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Twitter's Two Key Compliance Teams Stopped Functioning Amid Rash Layoffs

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According to word on the street, the work of two key teams that Twitter Inc. relied on to comply with regulators abruptly stopped amid a rash of layoffs, resignations and firings. That puts the social media giant at risk of investigations and hefty fines.

The latest departures heighten concerns that a staff exodus following Elon Musk’s takeover will undermine the company’s ability to comply with rules intended to protect users’ data.

A data governance committee that had overseen Twitter’s compliance with a Federal Trade Commission consent decree ceased to exist after two of its members were fired and three others resigned.

Under the consent decree, Twitter agreed to better protect users’ personal data.

The committee was formed in November 2021 and was responsible for overseeing decisions on how user data was collected, accessed and disclosed.

The dearth of staff has also meant that the company doesn’t have enough personnel to oversee the maintenance of about 400 different information security standards, known as ISOs

The committee also managed internal compliance with Twitter’s privacy policy.

Overall, more than 100 people working on security and privacy teams have left the company since Musk took charge at Twitter in October. That has halved the number of personnel who were responsible for protecting Twitter’s infrastructure from cyberattacks and data breaches.

Twitter’s main EU privacy watchdog pointed out that it was ‘very concerned’ about the ability of Twitter to abide by EU laws. The Irish watchdog said that it had been in almost daily contact with Twitter’s Dublin office after the departure of staff in recent weeks sparked safeguarding fears.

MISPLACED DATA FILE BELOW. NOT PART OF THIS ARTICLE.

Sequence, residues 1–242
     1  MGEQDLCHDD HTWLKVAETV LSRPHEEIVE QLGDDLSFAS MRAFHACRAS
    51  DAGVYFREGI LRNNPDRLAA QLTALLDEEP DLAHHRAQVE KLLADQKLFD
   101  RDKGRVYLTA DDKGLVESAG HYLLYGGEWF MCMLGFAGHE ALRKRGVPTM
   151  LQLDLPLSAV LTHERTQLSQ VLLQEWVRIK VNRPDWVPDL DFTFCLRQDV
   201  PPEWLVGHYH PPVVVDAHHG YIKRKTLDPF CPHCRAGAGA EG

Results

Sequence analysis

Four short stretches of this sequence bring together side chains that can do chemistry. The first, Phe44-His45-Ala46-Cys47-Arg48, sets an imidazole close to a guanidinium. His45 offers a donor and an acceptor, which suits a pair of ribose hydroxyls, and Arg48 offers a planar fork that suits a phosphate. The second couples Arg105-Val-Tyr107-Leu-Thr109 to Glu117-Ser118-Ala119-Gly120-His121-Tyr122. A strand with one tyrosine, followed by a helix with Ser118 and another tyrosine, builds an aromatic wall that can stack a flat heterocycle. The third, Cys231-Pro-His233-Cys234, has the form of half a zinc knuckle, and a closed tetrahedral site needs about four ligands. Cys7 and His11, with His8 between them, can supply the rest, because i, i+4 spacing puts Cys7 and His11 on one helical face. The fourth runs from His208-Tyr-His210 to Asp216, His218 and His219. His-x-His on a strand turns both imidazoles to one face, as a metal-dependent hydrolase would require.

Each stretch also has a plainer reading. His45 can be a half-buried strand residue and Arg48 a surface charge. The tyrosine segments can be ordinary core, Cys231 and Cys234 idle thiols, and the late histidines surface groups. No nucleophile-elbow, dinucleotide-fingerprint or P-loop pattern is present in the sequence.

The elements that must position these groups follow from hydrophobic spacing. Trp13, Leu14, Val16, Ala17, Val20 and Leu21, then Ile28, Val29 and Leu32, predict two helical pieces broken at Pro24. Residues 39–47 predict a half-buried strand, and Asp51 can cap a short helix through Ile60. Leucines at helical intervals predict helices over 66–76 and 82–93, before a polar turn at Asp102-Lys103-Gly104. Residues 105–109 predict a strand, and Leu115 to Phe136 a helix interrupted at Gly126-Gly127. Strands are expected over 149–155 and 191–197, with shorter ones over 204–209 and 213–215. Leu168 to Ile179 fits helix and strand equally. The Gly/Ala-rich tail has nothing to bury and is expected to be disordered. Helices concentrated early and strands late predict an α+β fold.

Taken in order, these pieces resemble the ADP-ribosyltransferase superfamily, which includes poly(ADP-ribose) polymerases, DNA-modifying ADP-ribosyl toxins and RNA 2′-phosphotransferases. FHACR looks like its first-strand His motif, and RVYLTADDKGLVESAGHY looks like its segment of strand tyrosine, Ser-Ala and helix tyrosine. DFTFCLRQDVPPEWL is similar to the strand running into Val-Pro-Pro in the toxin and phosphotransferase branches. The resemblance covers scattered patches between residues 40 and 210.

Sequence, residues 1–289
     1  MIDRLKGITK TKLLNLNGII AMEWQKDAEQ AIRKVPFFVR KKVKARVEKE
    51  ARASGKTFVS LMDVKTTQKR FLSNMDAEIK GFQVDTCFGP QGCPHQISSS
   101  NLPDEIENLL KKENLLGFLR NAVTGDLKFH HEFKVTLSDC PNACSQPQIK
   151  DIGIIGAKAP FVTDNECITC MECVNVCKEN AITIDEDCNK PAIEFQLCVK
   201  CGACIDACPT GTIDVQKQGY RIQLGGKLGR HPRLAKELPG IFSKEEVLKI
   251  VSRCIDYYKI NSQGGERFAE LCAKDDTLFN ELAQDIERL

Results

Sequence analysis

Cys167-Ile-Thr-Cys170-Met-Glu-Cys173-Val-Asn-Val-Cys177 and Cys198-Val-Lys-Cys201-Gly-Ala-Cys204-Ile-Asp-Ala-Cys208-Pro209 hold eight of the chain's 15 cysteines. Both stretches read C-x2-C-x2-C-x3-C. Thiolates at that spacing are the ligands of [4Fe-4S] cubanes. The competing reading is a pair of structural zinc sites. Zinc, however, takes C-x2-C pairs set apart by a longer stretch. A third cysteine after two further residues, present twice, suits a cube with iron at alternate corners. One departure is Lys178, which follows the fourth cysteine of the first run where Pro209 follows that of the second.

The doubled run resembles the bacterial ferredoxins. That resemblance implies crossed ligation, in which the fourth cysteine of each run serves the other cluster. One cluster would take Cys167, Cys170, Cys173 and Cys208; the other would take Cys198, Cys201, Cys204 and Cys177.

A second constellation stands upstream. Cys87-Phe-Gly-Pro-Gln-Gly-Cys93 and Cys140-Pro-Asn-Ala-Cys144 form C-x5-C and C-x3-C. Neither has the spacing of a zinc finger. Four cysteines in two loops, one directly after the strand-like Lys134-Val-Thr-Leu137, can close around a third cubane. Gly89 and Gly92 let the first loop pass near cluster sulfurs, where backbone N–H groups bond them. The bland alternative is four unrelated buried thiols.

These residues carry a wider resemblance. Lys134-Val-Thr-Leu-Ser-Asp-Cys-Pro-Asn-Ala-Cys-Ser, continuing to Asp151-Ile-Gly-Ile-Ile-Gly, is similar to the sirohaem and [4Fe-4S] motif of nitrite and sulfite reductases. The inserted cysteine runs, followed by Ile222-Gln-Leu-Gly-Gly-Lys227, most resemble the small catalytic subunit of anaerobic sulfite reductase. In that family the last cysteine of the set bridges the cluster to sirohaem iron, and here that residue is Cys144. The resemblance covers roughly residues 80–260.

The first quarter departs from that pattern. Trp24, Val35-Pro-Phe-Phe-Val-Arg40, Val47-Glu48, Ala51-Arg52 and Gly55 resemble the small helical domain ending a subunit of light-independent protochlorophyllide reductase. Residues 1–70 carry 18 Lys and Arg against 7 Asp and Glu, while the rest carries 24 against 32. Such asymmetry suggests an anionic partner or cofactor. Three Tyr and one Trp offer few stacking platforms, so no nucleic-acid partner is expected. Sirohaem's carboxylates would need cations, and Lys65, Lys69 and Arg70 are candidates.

Last month, Twitter’s chief information security officer, chief privacy officer and chief compliance officer resigned. Twitter subsequently appointed Renato Monteiro as its interim data protection officer. Monteiro, who is based in Dublin, formerly served as the company’s data protection counsel for Latin America. However, Monteiro has had little involvement with product engineering and development teams in the US since his appointment.

Individual staff at the company were responsible for maintenance of the standards, which, among other things, ensure that the company is correctly encrypting user data to keep it secure. Compliance with the standards is independently assessed on a biannual basis to ensure the company is meeting the requirements of the FTC’s consent decree.
The FTC has said that it was following developments at Twitter with “deep concern.”
Data watchdogs in Europe saw their powers increased overnight in May 2018, when the GDPR took effect and gave them the power to levy fines of as much as 4% of a company’s annual sales.

The dearth of staff has also meant that the company doesn’t have enough personnel to oversee the maintenance of about 400 different information security standards, known as ISOs.

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